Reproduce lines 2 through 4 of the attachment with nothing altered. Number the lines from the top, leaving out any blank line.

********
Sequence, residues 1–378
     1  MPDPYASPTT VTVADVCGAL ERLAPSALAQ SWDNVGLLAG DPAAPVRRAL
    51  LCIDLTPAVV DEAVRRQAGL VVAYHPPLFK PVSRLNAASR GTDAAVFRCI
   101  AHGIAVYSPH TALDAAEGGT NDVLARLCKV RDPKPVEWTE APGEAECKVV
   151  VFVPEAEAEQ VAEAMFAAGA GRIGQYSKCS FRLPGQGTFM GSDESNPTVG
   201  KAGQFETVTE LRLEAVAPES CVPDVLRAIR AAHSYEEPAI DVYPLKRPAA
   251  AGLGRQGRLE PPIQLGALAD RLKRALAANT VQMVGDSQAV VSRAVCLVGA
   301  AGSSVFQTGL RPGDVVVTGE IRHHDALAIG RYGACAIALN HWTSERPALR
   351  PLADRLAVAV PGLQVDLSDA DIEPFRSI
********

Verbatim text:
     1  MPDPYASPTT VTVADVCGAL ERLAPSALAQ SWDNVGLLAG DPAAPVRRAL
    51  LCIDLTPAVV DEAVRRQAGL VVAYHPPLFK PVSRLNAASR GTDAAVFRCI
   101  AHGIAVYSPH TALDAAEGGT NDVLARLCKV RDPKPVEWTE APGEAECKVV